The feeling of acceptance and belonging may seem like a small, microscopic thing—but for someone with a disability, that’s huge. From personal experience, knowing that people accept you and see something other than your disability is more validating than anything else in the world. It’s a feeling I chase after and strive for everyday, but I’m also aware it’s a feeling that can easily be ripped away from you after you’ve worked so hard to gain it.
That sense of personal satisfaction is a crown jewel—and you feel cheated, naked and exposed when it’s taken from you. I felt like my cerebral palsy was the only thing anyone saw or cared about when this first happened to me. I still feel that way at times. However, it was more than just my own small observation that gave me pause while reading about Michael’s situation.
It was the fact that the disabled community as a whole—whether it’s here in the US or globally—has been dealing with instances like his for what seems like an eternity. Part of me would be a fool not to acknowledge that I account for a very small percentage of that community. Another part of me feels as if I don’t deserve to be called a writer—nor a journalist—if I’m not willing to at least shed some light on the issues surrounding Michael’s story.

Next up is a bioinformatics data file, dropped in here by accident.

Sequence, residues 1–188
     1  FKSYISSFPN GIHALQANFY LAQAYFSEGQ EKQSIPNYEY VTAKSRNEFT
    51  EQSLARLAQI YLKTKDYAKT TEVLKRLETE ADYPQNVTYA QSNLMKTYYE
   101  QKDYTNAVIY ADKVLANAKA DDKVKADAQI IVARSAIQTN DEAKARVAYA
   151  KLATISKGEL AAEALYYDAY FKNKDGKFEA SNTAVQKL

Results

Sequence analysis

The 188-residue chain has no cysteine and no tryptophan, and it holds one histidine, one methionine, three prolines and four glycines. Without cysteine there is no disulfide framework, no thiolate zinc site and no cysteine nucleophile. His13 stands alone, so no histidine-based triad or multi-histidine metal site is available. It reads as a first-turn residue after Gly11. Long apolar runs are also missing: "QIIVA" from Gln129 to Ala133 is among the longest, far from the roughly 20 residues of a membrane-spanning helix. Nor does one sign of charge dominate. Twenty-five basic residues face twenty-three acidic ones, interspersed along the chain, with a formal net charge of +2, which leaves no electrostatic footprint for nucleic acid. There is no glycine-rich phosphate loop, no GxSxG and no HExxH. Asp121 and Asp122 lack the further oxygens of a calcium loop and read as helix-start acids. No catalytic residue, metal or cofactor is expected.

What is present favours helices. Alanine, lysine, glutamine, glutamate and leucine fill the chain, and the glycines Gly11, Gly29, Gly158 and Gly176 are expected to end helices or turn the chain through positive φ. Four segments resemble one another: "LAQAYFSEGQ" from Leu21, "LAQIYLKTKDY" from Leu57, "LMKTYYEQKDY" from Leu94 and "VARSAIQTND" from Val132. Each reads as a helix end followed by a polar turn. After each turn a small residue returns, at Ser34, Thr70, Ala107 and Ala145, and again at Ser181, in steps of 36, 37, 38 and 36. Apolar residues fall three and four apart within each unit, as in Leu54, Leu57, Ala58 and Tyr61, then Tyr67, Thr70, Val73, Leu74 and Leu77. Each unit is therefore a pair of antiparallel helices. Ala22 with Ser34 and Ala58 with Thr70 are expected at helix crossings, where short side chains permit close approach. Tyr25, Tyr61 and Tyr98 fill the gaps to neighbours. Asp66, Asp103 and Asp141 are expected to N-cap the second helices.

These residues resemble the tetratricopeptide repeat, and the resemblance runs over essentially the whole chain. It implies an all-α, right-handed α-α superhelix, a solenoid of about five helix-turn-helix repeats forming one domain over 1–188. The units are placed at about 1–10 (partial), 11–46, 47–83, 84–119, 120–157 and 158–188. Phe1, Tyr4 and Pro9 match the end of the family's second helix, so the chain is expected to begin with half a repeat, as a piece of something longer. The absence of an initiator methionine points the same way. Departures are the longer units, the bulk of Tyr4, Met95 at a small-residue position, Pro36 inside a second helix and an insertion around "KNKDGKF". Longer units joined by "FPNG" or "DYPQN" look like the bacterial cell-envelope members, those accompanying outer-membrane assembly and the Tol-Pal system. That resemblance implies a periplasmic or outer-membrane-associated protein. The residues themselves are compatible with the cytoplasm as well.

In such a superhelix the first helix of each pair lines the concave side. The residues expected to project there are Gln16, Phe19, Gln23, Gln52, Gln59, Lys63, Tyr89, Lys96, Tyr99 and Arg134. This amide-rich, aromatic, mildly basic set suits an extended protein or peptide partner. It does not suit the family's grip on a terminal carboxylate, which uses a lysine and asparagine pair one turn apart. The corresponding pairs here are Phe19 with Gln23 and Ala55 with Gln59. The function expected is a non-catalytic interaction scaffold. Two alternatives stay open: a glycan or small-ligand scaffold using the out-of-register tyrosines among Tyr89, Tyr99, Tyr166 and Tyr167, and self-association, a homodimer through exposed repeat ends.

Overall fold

Not only that, but these are instances that are right on the cusp of being juvenile—and even childish. They shouldn’t still be making headlines just because they come across a news reporter’s desk. They instead should be making headlines because of their rightful and much needed place within the social justice system.
It’s 2015, and the world is still talking about—and dealing with issues like these. That fact alone should bother people. If it doesn’t, the world isn’t the problem. It’s us.
The real issue buried underneath all this is that Michael Kelly’s story wouldn’t even be an issue if the value of equality and compassion came into play. I think the same can be said for most of the problems surrounding humanity today.
If we can clear out the bias, blaming—and most importantly, doubt—maybe we can see that it’s not about bare-knuckle politics, society or social justice. It’s simply a matter of kindness.
Photo Credit: Michael Kelly/AP